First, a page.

The Nordic countries and economic integration

As small, open economies, all the Nordic countries (Denmark, Finland, Island, Norway and Sweden) have been well integrated in the regional and international economy. There have been moves to further intra-Nordic integration, such as, the NORDEK project in 1960s and the establishment of Nordic companies. Each of the five countries has had differing economic relationships with Europe, with Finland currently being the only country to have adopted the euro, and Iceland and Norway the only Nordic countries not to have become members of the EU.

2019.08.27 | Susanna Fellman

Despite previous moves for economic integration in the Nordics, it became especially vigorous once globalisation took hold, particularly from 1990s. Photo: Calvin Hanson, Unsplash.

Intra-Nordic economic co-operation

Economic interaction and co-operation between the Nordic countries has been vigorous. Trade between the Nordic countries has been extensive and a significant share of foreign direct investments from any one Nordic country has gone to another Nordic country. Also, intra-industry trade, i.e. exports and imports of the same type of products, have been common.

The promotion of deeper Nordic economic integration has repeatedly been on the agenda. One of the most famous ideas was the plan for a Nordic customs union, the so-called NORDEK plan of 1968. This plan came to nothing when it turned out to be impossible for Finland to join due to the country’s sensitive position during the Cold War era. Although the NORDEK plan was not realized, there were extensive efforts to improve Nordic economic integration, especially by promoting foreign direct investments between the countries and increasing labour market mobility. These efforts had visible effects. Nonetheless, the integration between the Nordic countries became especially vigorous after the trend for globalisation quickly became increasingly influential. For example, in the 1990s, some spectacular cross-border mergers occurred, best exemplified by the formation of the banking group Nordea, which was the result of mergers between several national banks in Finland, Sweden and Denmark. Some purely Nordic firms exist, e.g. the air carrier Scandinavian Airline, SAS, which is owned by a consortium consisting of the Norwegian, Danish and Swedish states and some large private investors.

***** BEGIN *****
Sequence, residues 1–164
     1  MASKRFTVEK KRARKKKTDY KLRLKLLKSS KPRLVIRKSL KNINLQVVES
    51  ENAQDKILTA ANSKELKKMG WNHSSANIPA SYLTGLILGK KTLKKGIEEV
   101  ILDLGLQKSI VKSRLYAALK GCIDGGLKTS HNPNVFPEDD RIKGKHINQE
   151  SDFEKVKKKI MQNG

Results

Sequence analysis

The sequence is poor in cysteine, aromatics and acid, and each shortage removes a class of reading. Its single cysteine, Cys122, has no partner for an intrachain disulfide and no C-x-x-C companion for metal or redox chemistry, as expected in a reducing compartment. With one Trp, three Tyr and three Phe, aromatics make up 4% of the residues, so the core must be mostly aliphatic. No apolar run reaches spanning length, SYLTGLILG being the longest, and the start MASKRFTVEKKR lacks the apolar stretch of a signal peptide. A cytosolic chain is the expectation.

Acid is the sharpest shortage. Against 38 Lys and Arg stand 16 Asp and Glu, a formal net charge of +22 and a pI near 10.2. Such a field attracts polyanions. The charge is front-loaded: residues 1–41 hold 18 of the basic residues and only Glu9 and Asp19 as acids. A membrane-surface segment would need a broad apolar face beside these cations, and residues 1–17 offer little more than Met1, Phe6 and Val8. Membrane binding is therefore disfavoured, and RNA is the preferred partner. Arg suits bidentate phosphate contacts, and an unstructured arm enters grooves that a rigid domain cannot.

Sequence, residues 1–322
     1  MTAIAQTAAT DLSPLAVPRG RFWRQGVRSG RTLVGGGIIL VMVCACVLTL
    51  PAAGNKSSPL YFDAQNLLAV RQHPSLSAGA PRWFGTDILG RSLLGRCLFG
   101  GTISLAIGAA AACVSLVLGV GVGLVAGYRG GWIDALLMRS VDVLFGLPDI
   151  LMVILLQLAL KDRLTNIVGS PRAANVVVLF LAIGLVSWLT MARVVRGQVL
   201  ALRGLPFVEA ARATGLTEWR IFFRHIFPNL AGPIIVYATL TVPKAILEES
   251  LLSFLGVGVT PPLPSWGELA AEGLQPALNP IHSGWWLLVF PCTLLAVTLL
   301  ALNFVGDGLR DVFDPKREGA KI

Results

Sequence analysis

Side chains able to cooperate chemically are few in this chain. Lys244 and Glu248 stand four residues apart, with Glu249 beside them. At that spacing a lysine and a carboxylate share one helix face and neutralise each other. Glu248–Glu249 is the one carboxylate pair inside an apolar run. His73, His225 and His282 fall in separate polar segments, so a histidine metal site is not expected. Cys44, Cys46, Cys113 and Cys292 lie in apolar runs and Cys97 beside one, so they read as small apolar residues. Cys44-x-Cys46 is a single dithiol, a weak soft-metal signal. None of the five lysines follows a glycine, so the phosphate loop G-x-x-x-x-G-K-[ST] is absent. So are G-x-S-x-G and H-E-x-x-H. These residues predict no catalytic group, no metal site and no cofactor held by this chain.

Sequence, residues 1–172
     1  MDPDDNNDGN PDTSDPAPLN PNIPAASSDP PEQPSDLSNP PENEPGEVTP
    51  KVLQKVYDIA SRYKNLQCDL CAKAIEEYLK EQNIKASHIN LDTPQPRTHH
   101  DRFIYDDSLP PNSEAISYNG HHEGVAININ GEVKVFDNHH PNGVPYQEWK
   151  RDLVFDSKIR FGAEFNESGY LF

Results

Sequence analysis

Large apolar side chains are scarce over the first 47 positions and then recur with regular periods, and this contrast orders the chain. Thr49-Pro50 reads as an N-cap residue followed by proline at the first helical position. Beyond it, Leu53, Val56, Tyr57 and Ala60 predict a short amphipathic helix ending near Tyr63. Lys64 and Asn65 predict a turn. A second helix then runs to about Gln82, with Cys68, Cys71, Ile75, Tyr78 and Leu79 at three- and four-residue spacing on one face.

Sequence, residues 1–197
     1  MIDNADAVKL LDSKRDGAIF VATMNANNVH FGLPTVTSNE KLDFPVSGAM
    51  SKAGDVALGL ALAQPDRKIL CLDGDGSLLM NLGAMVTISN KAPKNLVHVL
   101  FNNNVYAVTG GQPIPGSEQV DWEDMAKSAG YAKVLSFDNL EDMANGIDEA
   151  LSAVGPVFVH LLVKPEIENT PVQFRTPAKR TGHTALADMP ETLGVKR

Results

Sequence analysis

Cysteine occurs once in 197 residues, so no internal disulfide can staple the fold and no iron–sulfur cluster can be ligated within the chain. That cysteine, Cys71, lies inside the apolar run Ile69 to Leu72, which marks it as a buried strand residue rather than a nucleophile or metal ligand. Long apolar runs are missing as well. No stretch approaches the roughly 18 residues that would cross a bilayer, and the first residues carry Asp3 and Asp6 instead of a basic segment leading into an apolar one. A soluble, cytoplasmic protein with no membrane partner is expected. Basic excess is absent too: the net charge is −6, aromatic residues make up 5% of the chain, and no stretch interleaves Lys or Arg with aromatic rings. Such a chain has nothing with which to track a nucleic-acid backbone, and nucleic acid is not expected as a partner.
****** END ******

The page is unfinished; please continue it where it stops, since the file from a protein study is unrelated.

The Nordic countries and European Economic Integration

As they are small, open economies, all the Nordic countries have been well integrated in the international economy. The countries have adopted somewhat different solutions when it comes to European political and economic integration, however. Norway and Denmark were more integrated into Western Europe after the end of the Second World War than Finland, Iceland and Sweden. All the Nordic countries participated in the European Free Trade Area (EFTA), which was established in 1960. Denmark, Sweden and Norway were members from the start, while Finland joined in 1961 as an associate member for political reasons. In 1986, Finland became a full member. Iceland became a member in 1970.